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By Jason Michael
ONLY A FEW WEEKS AGO, during a talk in the Highlands, Ian Blackford, the leader of the SNP parliamentary group in Westminster, dismissed out of hand the suggestion that the British government would rescind the Scotland Act and close Holyrood – saying the people of Scotland simply would not accept it. The people of Scotland have accepted quite a bit since September 2014. We have accepted being taken out of the European Union against our will, and this despite the promise that voting to remain part of the United Kingdom would protect our place in Europe. We have accepted the autocratic decision of the London government to shut our democratically elected government out of the Article 50 negotiations. We have accepted the refusal of the British Prime Minister to grant us another Section 30 in order to hold another independence referendum – in spite of that having three separate democratic mandates. When Ian Blackford tells us what the people of Scotland will and will not accept, it appears to me that my compatriots are willing to put up with an awful lot. Scotland would, I suspect, accept the closure of the Edinburgh parliament because the truth is that there is no recent tradition in our country of mass radical resistance.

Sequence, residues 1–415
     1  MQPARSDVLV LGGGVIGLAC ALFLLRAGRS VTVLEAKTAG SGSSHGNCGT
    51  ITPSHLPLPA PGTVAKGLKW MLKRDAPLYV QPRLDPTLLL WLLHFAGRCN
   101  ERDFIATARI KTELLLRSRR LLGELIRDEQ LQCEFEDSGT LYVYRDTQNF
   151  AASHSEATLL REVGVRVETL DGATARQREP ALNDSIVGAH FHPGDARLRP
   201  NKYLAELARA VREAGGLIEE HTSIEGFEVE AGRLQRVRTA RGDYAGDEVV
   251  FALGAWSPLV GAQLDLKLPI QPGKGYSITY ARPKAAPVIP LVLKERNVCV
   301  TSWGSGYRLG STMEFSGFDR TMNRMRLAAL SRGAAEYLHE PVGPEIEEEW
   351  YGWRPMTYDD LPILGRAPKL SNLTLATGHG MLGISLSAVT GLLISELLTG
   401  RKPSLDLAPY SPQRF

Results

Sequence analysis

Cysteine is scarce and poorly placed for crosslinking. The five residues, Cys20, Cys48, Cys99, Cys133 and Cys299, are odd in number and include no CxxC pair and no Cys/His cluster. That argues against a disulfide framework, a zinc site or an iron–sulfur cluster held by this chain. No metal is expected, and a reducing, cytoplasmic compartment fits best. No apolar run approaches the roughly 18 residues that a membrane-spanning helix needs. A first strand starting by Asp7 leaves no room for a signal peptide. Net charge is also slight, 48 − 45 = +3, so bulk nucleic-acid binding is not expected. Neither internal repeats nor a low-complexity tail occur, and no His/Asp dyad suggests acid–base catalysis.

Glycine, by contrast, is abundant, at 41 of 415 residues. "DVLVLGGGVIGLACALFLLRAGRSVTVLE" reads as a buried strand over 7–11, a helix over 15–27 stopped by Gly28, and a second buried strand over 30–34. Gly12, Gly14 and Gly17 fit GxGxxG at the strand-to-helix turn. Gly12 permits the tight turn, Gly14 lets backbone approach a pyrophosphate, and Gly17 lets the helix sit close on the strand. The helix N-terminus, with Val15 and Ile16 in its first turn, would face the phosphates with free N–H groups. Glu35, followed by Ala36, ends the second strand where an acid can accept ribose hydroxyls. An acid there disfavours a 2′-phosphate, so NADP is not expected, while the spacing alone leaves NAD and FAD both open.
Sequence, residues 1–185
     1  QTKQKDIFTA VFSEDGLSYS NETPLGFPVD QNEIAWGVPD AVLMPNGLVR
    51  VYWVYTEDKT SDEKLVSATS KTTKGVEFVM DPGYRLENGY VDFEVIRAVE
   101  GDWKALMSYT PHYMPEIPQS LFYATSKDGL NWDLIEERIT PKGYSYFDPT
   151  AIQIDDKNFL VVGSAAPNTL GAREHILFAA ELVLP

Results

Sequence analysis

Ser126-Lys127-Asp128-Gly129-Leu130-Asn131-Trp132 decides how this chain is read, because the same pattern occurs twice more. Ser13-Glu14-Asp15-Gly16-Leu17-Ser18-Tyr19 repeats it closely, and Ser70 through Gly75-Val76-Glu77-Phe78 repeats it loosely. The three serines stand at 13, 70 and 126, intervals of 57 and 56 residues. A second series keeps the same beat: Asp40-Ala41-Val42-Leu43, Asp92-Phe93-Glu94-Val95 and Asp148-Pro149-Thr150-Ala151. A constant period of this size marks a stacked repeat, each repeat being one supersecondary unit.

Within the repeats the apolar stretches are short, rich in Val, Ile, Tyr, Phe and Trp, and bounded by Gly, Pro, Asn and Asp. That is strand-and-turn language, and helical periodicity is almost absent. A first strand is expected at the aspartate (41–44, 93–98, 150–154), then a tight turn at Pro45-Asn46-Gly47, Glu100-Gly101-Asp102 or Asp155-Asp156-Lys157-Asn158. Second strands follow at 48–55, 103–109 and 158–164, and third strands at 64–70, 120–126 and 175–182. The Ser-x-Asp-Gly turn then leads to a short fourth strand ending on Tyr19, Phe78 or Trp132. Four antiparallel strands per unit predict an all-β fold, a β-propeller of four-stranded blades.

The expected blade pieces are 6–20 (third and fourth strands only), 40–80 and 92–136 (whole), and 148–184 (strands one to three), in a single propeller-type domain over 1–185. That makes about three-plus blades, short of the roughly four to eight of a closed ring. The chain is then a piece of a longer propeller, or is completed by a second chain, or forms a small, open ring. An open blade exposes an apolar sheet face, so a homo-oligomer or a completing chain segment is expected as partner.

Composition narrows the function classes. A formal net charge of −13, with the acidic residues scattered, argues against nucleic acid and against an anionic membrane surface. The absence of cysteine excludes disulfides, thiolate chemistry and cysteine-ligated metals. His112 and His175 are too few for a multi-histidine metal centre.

"What if Boris Johnson does away with the Scotland Act?" Not even Ian Blackford was comfortable with the answer he… twitter.com/i/web/status/1…—
Jason Michael (@Jeggit) June 21, 2019
Scots are genuinely and rightly concerned about the future of devolution. There is nothing permanent in the current constitutional arrangement, and nor can there ever be. It matters not a jot what the Scotland Act says or what any one politician says; sovereignty in the United Kingdom rests only in Westminster. No law and no treaty can bind the power of this or any future London government to any particular course of action. We can talk about the Claim of Right and Scots Law all we like, the legal reality, for so long as we remain a part of the United Kingdom, is that the absolute power of the Crown in Parliament – England’s notion of state sovereignty – reigns supreme. What this means is that the British government can enact legislation to close down the Scottish parliament and return our presently devolved powers to the House of Commons when it sees fit. Legally, we are entirely powerless to change this situation.